I remember lining up to buy tickets for STAR WARS: EPISODE I. Say what you will about the movie, and I'm sure you have ad nauseam at this point, but the crowd that was there was so hopeful, so happy to be there, and the theater was buzzing in that way that only comes when the audience is primed for a great experience. Or when I saw THE MATRIX opening weekend for the first time, and had no idea what to expect, and coming out of that theater with an audience so thrilled that they applauded all through the end credits - there's nothing like it. You can't judge a regular audience by Butt-Numb-A-Thon, of course, because that's a crowd full of film hypergeeks, but when every moment is shared with a crowd like that, it becomes as real a memory as any event in your life. When Sam carried Frodo on the slopes of Mount Doom, I turned around to watch the audience, my own eyes filled with tears, to see hundreds of eyes reflecting their own tears, and for someone like me, it makes you feel like you're a part of something larger than yourself. I'm not a religious person, but I've found the closest thing I know to God in a movie theater.
Can there be improvements to the theatrical experience? Of course. I'll call out the chains right now - you have to improve on your presentation of films. No one wants to sit in a theater full of texting kids and no one doing anything about it, or a screaming child, or some asshole talking throughout the entire film. I'm sure you're staffed by people little older than teenagers themselves, but I guarantee you that the reason many people stay away from theaters these days is that too many people just don't have any respect for their fellow moviegoer, and theaters shouldn't be afraid of kicking someone out for being disruptive. You have to replace your projection bulbs timely and have people checking every theater to make sure the screen is well lit. You just have to. As for the price hikes in 3D - the audience is paying $5 or more dollars for cheap plastic glasses that cost $1, maybe. Granted, studios are also behind those price hikes and those need to come down. I understand how it works when it comes to new releases - those first several weeks, you don't see any money from ticket prices, it's all about concessions. I don't mind paying for concessions as long as the food's good. I understand concessions are what makes a great theater possible. That said, you could also provide healthier alternatives to the same old candy and popcorn. You'd be surprised at how many people would respond to a simple bowl of fruit. I'd be all over it if my theater offered any.
All the commercials shown before a movie - again, I understand that the theaters need to make their money. I also understand that those commercials are incredibly disruptive to the audience experience. Before a film started I used to love talking to my friends and family about what we were about to see, or how our day was going - just visiting with each other before the film starts. The commercials now make it impossible. Plus, I think we need a respite from all that selling that we undergo every day, and in a theater, we can't even get that. Now, I love trailers, as I'm sure any film geek does, but what the hell am I seeing yet another car commercial for? I get that already just walking outside and looking at a billboard.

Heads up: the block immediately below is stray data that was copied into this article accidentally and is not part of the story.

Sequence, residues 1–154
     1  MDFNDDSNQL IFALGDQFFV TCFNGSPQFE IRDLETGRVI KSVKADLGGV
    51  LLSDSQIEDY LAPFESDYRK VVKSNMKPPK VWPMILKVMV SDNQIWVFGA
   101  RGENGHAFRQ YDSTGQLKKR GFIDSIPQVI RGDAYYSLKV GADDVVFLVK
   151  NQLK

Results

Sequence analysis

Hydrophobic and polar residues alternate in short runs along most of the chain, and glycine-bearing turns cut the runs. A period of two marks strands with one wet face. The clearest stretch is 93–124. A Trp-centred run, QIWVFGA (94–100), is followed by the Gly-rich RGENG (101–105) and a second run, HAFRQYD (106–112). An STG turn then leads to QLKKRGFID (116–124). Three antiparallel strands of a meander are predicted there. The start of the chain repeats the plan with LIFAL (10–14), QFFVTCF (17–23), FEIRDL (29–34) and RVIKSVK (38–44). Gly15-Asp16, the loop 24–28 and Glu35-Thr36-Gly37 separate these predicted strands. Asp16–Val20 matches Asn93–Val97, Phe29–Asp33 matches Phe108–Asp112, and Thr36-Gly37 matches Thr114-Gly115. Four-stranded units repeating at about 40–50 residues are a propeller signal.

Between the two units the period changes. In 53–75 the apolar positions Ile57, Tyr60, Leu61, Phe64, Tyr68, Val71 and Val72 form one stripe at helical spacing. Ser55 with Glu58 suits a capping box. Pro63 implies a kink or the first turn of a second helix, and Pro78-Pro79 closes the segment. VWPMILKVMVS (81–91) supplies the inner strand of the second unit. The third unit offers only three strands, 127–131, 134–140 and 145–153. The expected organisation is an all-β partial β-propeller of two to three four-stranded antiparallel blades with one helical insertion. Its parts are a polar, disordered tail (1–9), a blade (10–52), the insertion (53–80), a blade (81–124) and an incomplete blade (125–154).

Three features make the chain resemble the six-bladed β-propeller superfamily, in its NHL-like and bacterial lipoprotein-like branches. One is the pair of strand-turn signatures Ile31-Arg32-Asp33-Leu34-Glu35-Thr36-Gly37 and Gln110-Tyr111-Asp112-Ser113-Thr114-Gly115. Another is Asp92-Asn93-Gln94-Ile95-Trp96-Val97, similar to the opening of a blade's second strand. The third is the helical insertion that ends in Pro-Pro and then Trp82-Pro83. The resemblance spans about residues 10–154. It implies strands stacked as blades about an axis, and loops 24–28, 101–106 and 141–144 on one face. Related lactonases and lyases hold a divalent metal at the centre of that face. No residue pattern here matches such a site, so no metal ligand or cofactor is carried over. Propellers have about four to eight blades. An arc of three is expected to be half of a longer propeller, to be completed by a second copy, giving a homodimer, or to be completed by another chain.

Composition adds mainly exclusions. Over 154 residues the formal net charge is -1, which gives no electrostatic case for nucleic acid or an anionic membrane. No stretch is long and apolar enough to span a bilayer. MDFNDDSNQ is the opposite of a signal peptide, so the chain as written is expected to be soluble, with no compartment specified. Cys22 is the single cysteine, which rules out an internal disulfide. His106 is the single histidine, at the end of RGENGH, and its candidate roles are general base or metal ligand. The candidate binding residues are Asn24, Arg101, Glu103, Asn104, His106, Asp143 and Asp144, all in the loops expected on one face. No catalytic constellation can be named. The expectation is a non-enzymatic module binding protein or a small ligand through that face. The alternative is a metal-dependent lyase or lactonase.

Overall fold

Maybe we can blame the films themselves - maybe they've gotten worse over the years instead of better. But I don't think that's entirely true. I think most everything is looked at through a veil of nostalgia and yearning for the past, where we make all the movies from "back in the day" seem better. But crap movies are universal no matter what time period they're made in. It's no more an exception today than it was twenty years ago.
I'm not saying anything new here. Critics of the theatrical experience have been saying it for years. But I think if these fundamental changes are made, people would flock to the movies again. Not to sound too much like an old grump, but seeing a film a couple of decades ago - we have the improvements in technology when it comes to the presentation but there's none of the joy or camaraderie in going to the movies like there used to be. We can blame the films, we can blame the theater, we can blame our changing society. Or we can do something about it.
I'm going to continue to go to the theater, until that option isn't available for me. I'll also enjoy films at home. But I don't think this 60-day window is the answer. The days of a movie playing for months on end is gone and they won't be coming back, not the way the audience demands their entertainment these days. I think the problem is more fundamental than theatrical release lengths, though. It's something more endemic, and not easily solved. I doubt theaters would go away entirely. I don't see that happening. But I can seem them becoming much rarer, and I don't think that's good for anyone.